Tester Moves Bills Forward to Invest in Tribal Law Enforcement, Health Clinics, and Water Infrastructure
Senator Prioritizes Indian Country in Annual Appropriation Bills
(U.S. Senate)-U.S. Senator Jon Tester has secured a funding increase for the Bureau of Indian Affairs (BIA), Indian Health Service (IHS), and Tribal Law Enforcement in critical 2019 appropriations bills.
Tester used his position on the Senate Appropriations Committee to prioritize investments in Indian Country and worked with Republicans and Democrats to pass the important funding bills out of the committee and onto the Senate floor.
“I will relentlessly hold the federal government accountable to uphold its trust and treaty responsibilities to all of Indian Country,” Tester said. “These investments are a step in the right direction, and I will continue to go to the mat and ensure that tribal governments have access to the health care, education, and law enforcement resources needed to move Native American communities forward.”
Tester secured the following resources in the 2019 Interior and Commerce Justice and Science Appropriations Bills:
- $3 billion for the Bureau of Indian Affairs.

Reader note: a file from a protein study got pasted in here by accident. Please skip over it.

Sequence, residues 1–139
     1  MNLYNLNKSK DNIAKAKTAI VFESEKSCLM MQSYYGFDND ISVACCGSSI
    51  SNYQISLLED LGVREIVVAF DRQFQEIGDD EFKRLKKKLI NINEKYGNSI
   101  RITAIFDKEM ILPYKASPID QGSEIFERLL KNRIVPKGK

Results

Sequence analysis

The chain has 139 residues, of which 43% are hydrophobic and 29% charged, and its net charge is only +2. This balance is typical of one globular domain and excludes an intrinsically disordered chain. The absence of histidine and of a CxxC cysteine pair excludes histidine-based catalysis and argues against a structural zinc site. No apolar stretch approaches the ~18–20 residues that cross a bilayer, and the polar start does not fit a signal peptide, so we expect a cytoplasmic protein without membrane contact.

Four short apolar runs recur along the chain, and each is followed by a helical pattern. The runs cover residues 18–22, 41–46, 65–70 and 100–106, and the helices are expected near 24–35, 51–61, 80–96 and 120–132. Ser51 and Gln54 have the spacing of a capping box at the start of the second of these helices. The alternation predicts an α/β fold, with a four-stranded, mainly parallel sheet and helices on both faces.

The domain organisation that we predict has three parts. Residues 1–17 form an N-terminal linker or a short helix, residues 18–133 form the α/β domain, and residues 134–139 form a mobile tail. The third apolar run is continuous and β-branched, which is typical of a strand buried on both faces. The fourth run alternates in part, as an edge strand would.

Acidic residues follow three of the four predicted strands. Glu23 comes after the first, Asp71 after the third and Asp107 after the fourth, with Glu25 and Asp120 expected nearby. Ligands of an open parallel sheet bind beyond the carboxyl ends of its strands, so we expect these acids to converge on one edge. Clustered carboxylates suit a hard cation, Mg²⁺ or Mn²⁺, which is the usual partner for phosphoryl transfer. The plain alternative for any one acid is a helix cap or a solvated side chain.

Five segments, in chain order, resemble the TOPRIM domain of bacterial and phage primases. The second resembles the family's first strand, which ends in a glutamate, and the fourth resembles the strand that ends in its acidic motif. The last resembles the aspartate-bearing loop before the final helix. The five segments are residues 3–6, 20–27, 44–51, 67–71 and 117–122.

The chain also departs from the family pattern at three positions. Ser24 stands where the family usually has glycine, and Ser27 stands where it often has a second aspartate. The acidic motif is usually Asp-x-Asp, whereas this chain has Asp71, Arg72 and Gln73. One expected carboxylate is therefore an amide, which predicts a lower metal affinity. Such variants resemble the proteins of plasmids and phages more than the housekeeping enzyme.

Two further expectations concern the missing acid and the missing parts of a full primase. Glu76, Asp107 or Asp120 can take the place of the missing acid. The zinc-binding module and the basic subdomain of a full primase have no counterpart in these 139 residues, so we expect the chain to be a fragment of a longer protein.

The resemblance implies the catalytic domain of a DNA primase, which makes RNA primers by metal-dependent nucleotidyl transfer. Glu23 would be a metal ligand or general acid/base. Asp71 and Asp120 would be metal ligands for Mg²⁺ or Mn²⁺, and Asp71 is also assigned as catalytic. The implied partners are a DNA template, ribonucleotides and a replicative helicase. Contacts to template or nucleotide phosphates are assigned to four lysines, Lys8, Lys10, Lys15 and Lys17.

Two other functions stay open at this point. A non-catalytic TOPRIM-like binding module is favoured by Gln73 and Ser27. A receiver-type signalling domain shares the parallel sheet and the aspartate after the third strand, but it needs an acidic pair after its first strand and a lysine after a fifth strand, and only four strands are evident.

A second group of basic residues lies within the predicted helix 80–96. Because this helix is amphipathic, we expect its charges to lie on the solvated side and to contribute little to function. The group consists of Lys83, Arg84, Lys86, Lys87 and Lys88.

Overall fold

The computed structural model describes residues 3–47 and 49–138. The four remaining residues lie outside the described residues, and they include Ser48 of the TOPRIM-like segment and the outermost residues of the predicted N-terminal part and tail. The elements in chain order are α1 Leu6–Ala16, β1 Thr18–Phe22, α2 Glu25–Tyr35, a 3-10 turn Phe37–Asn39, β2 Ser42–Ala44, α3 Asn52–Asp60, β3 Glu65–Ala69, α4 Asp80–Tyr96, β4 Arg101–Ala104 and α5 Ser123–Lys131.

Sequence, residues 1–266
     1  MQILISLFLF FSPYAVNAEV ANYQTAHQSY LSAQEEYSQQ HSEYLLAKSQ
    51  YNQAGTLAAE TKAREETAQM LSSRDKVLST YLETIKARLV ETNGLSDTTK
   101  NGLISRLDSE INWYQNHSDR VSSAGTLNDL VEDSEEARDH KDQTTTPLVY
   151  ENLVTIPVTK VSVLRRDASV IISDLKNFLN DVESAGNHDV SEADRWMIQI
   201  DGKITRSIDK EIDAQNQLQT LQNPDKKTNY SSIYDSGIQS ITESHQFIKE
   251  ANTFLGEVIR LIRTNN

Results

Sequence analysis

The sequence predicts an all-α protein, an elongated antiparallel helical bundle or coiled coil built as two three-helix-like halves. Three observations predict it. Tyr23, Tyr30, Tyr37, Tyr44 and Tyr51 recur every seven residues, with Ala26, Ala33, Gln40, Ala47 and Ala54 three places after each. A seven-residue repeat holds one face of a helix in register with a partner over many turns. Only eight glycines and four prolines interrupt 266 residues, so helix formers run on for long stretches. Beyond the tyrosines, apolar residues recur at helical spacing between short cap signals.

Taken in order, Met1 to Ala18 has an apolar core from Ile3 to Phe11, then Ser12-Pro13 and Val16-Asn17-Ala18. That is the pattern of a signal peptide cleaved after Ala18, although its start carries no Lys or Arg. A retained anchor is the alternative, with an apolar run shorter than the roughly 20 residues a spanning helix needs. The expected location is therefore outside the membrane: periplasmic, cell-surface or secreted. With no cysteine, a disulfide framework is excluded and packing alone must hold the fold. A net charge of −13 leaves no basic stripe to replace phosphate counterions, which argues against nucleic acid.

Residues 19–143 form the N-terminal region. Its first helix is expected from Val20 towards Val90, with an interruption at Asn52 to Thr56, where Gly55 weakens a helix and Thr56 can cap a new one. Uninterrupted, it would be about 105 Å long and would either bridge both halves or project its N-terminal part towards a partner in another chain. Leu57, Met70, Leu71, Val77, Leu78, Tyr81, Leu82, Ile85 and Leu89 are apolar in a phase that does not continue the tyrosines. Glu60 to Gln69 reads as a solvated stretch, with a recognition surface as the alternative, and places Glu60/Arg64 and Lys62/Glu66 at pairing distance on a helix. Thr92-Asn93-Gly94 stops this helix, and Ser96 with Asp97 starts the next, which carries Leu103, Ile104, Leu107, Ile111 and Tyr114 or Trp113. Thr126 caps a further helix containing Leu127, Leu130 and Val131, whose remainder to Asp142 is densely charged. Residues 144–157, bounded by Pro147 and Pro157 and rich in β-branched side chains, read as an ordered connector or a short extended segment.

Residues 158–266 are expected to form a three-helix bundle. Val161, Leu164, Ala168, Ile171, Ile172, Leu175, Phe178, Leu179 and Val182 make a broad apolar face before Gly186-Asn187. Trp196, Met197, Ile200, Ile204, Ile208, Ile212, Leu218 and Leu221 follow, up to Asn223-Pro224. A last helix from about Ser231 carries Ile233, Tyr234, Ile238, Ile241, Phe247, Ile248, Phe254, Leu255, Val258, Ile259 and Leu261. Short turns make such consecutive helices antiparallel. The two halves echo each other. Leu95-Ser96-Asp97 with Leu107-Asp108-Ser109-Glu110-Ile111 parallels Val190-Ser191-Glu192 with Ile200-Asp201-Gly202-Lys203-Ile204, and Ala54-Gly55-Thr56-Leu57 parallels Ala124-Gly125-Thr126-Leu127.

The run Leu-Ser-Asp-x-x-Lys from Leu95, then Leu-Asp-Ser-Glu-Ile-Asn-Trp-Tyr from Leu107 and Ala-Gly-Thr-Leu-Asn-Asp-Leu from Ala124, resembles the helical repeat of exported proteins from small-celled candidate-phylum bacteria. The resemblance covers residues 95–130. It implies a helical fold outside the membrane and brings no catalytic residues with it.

- $5.7 billion for IHS.
- $407 million public safety and justice initiatives at BIA.
- $359 million for BIA Construction, including $18 million for the re-start of facilities replacement and construction of BIA Public Safety and Justice facilities.
- $34 million for tribal road construction and maintenance.
- $899 million for the Bureau of Indian Education.
- $2.1 billion for the tribal water and drinking water infrastructure.
- $3.4 million for the implementation of Tester’s NATIVE Act, which is used to rebuild infrastructure and invest in tourism opportunities.
- $91 million for tribes from the Crime Victims Fund for survivors of violent and sexual crimes.
Tester recently helped pass the 2018 Housing and Urban Development Appropriations Bill, which included critical housing resources for Indian Country.
As a member of the Senate Appropriations Committee, Tester is responsible for writing the 12 annual bills that fund the federal government.